I do live in the Alberta area, and have for over 10 years. I did grow up here. I've also attended several neighborhood association meetings with members of the black community are present; their primary concerns regarded gentrification and police brutality, not graffiti. If you really think gentrification is not an issue, you're not on the same page with many people who live in your neighborhood. But sooner or later they'll be in Gresham , making more room for dress shops so then it won't matter.

I don't think all graffiti is art; some of it can be. But I do think graffiti is symptomatic of larger, underlying problems and I'm concerned with those problems rather than getting pissed about the outward manifestation of graffiti. I can appreciate *some* graffiti. It's not a lack of understanding for the value of private property that gives me this attitude. But apparently, for choosing to look at this dynamic issue in a different way than the majority means I deserve to have my bike smashed with a hammer to teach me a lesson. That's great.

knary
03-27-2007, 09:02 AM
We may have been to the same meetings. Gentrification is an issue, but, in my humble opinion, one confused and often overblown.

People can be driven out by raising rents, but homeowners are making a personal choice about selling. There's no blame to be cast in someone making a choice to sell a house or someone else, in many cases, scraping together what they can to move into a naighborhood. We moved here some years ago. When we were shopping for our first home the choices were few for us. Are we yuppies pushing out the good honest people? I don't see us that way, but I suppose to some we might be. Hell, I do silly things like spend money on bicycles and landscaping. We're poorer than most, but richer than some. I'm an artist, my wife is a teacher and musician.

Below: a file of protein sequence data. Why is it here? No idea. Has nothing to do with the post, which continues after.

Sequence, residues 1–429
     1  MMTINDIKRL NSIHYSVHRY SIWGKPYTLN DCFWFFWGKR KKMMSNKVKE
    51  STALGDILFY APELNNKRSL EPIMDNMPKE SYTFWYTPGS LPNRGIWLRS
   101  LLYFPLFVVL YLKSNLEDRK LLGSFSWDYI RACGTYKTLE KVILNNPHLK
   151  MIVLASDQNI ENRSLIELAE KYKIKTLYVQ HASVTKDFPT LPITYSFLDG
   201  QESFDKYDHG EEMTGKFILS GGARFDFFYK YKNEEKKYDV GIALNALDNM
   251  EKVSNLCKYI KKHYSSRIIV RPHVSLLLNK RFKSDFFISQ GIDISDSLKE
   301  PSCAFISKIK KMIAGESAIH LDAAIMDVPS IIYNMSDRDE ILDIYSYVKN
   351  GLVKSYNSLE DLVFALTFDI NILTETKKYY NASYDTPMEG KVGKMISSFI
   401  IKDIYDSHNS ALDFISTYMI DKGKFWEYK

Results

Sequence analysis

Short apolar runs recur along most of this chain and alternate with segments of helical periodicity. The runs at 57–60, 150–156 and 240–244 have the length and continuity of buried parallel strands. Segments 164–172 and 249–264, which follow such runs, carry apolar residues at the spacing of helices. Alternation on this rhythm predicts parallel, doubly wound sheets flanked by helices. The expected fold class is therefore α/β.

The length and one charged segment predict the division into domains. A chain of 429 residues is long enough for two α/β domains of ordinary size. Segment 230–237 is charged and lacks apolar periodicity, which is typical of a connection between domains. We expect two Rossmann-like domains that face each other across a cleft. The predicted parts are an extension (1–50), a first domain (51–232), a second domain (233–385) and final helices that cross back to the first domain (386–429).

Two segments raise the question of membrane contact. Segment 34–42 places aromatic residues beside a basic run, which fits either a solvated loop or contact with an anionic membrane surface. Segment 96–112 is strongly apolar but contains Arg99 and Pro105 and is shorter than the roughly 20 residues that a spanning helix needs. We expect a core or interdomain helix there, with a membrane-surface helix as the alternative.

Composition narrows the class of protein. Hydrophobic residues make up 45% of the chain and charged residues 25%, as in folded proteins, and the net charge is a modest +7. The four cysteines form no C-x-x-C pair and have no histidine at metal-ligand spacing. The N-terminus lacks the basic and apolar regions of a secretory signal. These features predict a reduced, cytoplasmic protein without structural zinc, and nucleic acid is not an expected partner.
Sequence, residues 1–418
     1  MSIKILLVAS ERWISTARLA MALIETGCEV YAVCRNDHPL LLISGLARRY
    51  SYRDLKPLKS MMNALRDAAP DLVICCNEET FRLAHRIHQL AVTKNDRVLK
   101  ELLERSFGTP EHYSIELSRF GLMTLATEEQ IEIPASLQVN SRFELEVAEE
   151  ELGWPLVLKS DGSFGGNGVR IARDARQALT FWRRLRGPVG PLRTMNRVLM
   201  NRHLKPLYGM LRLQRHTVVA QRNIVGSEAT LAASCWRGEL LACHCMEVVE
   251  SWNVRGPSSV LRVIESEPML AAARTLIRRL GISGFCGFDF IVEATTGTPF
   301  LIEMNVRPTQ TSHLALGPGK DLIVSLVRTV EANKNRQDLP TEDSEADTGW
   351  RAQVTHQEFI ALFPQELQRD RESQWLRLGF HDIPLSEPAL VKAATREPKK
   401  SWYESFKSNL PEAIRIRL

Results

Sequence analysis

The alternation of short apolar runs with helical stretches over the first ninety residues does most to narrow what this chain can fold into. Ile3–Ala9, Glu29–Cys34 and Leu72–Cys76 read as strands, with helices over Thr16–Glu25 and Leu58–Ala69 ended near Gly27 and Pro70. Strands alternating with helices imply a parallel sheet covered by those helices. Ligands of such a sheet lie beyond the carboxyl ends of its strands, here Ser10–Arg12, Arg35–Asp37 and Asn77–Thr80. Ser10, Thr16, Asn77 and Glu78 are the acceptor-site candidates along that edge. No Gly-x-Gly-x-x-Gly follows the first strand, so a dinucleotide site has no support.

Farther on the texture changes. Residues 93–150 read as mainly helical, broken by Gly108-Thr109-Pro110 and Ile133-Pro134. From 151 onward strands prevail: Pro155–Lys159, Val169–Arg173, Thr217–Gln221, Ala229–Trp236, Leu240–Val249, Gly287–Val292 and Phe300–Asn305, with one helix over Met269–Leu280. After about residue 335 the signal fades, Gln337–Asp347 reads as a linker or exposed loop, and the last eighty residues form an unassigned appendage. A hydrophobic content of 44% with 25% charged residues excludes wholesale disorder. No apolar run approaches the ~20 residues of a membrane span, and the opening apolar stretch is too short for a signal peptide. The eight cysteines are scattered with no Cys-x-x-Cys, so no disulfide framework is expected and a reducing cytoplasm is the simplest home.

As I understand it, most of the rents going up are being raised by landlords that have owned many of the homes and buildings for a long time. In other words, they're local individuals, not evil yuppies bent on the destruction of this community.

I went to a meeting where a woman bitched that the shops opening aren't for them, that they're, as mentioned before, hoity toity dress shops and the like. I understand her complaint, but have little sympathy. What opens up is driven by two things - the market, and what an individual or group of individuals is willing to put their own sweat into. If you go to one of those dress shops, you'll usually find locally made clothing designed locally being sold in a locally owned store.

Change, as we all know, doesn't always happen the way we'd like. I live down the street from what was once Joe's Place. I miss it. There was some activity outside of it that deserved police attention, but otherwise it was a positive piece of our community. Its replacement isn't.

My biggest hope for the Alberta area is that we as a community can ensure that this remains a neighborhood first, a commercial district second.

Lastly, at a recent neighborhood meeting, the local police gave a presentation. We learned that out of the 380 uniformed officers in Portland, only 30 work the northeast precinct - from I-5 on the west to 92nd(?) on the east, from the river south to Halsey. The local distrust of the police (much deserved in too many cases) and the shortage of man power can't help make this a safer place to live and, we hope, raise our children.

I'm babbling. Time for some tea.